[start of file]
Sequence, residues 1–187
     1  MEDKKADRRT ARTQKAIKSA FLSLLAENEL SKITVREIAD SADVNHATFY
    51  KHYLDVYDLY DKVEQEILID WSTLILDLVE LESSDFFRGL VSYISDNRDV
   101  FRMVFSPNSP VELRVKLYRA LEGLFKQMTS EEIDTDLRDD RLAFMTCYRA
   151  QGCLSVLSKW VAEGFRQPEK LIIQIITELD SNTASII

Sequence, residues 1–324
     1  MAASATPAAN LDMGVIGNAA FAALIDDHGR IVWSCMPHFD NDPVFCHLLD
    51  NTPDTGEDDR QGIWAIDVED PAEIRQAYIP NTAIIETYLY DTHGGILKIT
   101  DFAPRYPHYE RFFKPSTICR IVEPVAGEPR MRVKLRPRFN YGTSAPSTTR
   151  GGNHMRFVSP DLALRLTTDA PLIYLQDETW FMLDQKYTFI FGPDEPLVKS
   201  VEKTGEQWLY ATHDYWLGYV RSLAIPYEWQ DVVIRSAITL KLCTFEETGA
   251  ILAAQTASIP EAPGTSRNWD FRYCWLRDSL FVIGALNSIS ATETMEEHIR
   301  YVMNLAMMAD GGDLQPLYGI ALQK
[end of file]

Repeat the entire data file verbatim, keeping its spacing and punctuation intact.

Sequence, residues 1–187
     1  MEDKKADRRT ARTQKAIKSA FLSLLAENEL SKITVREIAD SADVNHATFY
    51  KHYLDVYDLY DKVEQEILID WSTLILDLVE LESSDFFRGL VSYISDNRDV
   101  FRMVFSPNSP VELRVKLYRA LEGLFKQMTS EEIDTDLRDD RLAFMTCYRA
   151  QGCLSVLSKW VAEGFRQPEK LIIQIITELD SNTASII

Sequence, residues 1–324
     1  MAASATPAAN LDMGVIGNAA FAALIDDHGR IVWSCMPHFD NDPVFCHLLD
    51  NTPDTGEDDR QGIWAIDVED PAEIRQAYIP NTAIIETYLY DTHGGILKIT
   101  DFAPRYPHYE RFFKPSTICR IVEPVAGEPR MRVKLRPRFN YGTSAPSTTR
   151  GGNHMRFVSP DLALRLTTDA PLIYLQDETW FMLDQKYTFI FGPDEPLVKS
   201  VEKTGEQWLY ATHDYWLGYV RSLAIPYEWQ DVVIRSAITL KLCTFEETGA
   251  ILAAQTASIP EAPGTSRNWD FRYCWLRDSL FVIGALNSIS ATETMEEHIR
   301  YVMNLAMMAD GGDLQPLYGI ALQK